criteria for forming a panel were met in the Atlantic, and the SSG instructed the ICPO to continue with implementation of a co-ordination Panel for the At-lantic sector. This Panel should deal with both oce-anic and atmospheric issues related to all activities in the area of concern to CLIVAR and should coor-dinate closely with the US-CLIVAR Atlantic Panel. For the Pacific, the SSG asked that a task team be formed to consider the need for a workshop to focus on requirements and the need for co-ordination in the region. The SSG welcomed the initiative from CSIRO, Australia, to host a workshop on the South-ern Ocean, and encouraged the organisers to con-sider all CLIVAR-related issues in the Southern Ocean, including co-ordination with the proposed WCRP programme on Climate and the Cryosphere (CLIC). Concerning the Indian Ocean sector, the SSG felt that the AA monsoon panel, in co-opera-tion with the CLIVAR Upper Ocean Panel (UOP), should continue to co-ordinate activities in this re-gion.

(3)

Dr. C. Koblinsky, chair of the UOP, gave an in depth report on the Panel's activities. He noted that in its early years, the Panel had concentrated on the observing system in the tropical Pacific in sup-port of ENSO predictions. More recently, the focus had shifted to the gaps in global temperature and salinity coverage. The ARGO1 concept for a global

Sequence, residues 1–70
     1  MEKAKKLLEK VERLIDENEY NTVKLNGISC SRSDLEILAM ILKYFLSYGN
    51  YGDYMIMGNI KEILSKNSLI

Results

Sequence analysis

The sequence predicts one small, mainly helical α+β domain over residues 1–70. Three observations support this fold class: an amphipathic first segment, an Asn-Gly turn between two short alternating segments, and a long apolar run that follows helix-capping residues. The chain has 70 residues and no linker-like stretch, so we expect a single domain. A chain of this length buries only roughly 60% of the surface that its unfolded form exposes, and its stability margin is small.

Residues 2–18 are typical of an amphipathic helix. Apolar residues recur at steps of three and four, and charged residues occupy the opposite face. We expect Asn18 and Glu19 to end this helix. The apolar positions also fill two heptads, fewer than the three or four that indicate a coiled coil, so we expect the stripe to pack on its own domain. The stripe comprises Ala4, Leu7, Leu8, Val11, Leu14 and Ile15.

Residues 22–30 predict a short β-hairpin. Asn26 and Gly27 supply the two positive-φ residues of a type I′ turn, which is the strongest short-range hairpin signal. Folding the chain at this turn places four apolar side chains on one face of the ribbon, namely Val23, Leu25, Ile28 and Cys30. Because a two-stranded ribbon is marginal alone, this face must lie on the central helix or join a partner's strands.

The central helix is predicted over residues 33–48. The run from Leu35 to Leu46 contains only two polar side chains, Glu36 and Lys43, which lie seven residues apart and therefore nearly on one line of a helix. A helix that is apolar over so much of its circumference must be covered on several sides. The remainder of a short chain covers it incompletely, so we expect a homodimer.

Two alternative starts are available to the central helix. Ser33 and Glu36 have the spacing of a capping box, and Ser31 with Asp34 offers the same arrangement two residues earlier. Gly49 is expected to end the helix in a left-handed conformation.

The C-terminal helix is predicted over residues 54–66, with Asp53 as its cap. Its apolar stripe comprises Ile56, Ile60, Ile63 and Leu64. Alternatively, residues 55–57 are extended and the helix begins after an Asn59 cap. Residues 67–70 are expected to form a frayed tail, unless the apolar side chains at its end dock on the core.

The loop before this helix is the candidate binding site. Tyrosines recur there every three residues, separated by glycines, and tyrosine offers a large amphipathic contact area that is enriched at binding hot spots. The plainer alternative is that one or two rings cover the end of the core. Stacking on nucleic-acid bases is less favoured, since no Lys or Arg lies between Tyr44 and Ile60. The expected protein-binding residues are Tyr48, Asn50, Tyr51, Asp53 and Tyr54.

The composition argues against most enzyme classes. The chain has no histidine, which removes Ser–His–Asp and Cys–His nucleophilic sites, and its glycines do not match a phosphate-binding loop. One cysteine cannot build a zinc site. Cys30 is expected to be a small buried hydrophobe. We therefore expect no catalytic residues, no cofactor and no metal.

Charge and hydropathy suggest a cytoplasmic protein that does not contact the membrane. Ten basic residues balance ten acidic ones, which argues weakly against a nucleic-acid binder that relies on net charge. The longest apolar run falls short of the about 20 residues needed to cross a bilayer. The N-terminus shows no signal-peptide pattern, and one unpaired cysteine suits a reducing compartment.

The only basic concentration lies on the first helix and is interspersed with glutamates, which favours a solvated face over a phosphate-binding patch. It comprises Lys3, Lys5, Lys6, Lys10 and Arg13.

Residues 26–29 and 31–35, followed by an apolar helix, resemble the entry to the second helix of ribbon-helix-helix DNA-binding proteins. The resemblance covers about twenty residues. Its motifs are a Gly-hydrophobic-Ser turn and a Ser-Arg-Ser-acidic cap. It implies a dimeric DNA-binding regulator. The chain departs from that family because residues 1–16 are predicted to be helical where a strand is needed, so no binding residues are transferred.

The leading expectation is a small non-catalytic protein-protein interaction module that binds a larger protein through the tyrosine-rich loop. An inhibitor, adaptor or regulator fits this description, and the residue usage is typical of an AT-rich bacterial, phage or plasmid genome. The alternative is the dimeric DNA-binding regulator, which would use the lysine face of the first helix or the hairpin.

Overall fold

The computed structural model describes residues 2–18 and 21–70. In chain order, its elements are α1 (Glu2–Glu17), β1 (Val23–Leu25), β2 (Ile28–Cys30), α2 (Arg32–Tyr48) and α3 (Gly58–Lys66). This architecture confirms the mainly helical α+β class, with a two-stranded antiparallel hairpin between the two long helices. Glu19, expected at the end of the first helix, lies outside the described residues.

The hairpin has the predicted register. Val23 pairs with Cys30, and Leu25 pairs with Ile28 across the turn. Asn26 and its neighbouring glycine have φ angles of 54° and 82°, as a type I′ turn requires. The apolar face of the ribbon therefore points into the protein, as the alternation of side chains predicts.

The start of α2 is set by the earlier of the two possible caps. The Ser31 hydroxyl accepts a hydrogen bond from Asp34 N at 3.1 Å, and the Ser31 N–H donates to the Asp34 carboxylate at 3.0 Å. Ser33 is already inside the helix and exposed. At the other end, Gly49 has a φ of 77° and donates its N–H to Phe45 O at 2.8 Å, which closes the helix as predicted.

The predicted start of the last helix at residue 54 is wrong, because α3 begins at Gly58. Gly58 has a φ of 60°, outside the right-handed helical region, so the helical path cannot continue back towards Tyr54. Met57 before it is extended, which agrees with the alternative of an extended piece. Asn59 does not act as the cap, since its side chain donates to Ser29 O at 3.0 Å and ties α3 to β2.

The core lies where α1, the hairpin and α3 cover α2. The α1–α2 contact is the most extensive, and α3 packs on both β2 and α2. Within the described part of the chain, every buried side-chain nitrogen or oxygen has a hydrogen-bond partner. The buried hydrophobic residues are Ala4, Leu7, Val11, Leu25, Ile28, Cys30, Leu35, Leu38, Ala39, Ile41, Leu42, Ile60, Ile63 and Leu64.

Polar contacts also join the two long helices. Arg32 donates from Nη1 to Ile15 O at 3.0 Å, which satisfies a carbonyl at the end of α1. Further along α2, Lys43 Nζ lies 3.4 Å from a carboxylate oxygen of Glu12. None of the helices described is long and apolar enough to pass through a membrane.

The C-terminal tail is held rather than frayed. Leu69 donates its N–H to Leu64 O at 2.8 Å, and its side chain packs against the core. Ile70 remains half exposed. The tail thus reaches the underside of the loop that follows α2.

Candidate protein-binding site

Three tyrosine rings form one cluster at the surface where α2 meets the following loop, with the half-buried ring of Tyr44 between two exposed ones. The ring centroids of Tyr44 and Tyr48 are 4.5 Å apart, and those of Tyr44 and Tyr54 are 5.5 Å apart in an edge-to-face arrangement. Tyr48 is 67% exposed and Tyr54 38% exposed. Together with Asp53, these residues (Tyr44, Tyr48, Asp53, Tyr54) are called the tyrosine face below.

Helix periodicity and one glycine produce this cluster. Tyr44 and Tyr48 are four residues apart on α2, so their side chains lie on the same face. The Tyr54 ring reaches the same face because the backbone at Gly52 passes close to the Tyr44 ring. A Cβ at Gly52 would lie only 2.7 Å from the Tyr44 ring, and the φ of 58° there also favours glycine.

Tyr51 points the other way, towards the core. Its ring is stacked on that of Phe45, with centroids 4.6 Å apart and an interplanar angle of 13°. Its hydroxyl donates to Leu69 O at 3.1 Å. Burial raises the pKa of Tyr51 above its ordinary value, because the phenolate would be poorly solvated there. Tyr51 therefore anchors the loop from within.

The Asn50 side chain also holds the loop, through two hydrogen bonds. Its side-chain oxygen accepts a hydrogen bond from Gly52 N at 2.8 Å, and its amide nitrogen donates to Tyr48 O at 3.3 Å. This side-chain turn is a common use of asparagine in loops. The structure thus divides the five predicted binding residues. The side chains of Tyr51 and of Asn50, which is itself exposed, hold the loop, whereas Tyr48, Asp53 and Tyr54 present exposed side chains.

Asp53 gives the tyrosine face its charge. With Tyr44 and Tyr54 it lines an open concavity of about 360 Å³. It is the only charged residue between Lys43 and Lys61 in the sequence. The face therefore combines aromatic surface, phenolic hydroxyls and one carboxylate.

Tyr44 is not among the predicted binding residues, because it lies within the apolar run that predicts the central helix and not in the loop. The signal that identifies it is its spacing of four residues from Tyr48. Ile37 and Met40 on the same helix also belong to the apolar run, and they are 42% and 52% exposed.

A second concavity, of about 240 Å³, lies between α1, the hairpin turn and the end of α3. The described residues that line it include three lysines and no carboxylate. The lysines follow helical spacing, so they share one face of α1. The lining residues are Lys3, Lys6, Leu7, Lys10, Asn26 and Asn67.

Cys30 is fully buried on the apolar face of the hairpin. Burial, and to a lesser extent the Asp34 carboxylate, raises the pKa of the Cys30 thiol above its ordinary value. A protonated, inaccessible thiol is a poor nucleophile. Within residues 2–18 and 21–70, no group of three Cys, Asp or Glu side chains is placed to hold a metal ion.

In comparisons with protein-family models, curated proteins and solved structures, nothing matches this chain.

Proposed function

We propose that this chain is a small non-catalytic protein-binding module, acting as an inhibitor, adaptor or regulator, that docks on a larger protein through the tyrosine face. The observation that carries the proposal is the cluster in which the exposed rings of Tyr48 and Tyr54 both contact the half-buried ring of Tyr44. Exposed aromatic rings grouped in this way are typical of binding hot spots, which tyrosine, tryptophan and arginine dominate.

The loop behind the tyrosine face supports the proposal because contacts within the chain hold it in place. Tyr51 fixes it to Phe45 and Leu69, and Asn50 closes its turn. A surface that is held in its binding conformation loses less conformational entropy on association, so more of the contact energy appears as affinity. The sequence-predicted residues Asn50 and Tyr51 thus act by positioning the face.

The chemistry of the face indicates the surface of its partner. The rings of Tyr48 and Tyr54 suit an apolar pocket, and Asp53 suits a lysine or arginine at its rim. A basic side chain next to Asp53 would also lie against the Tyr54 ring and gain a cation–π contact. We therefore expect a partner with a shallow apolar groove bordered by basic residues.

array of profiling floats had been endorsed, jointly with the Ocean Observations Panel for Climate (OOPC), and an ARGO Science Team had been formed and an implementation plan being written. Dr. Koblinsky reported that there was general opti-mism that the global array would be implemented. He noted that one of the major justifications for the array was to support real-time 4-dimensional data assimilation and prediction systems. The SSG urged the ARGO Science Team to ensure that there was good communication between them and other groups interested in ocean data assimilation, such as the WGSIP (Working Group on Seasonal to Interannual Prediction) and GODAE (Global Ocean Data Assimilation Experiment). The SSG noted the Panel's desire to expand its membership in order to have more expertise in DecCen and high latitude topics and agreed to take appropriate action.

Dr. A. Alexiou of the Intergovernmental Ocea-nographic Commission (IOC) reported on plans for the OceanObs99 Conference to be held 18-22 Oc-tober 1999 in Saint-Raphael, France. The Confer-ence was being convened by the OOPC and UOP to define an optimum mix of ocean measurements needed to meet the goals of climate programmes such as CLIVAR, GCOS and GOOS. The SSG looked forward to the outcome of this important meeting (for details see article on page 18). Dr. Alexiou also noted that there were tentative plans for a two-day GOOS commitments meeting during the IOC Assembly which would be held in June and July of this year.

Professor C.R. Mechoso reported on the many ongoing and planned VAMOS activities (for details see article on VAMOS, page 15). The SSG identi-fied the need for an effective regional co-ordination mechanism in South and Central America to advance implementation of VAMOS and other aspects of CLIVAR research requiring participation from the region. They concluded that such co-ordination would be most effective if an ICPO staff member could have specific responsibilities for South and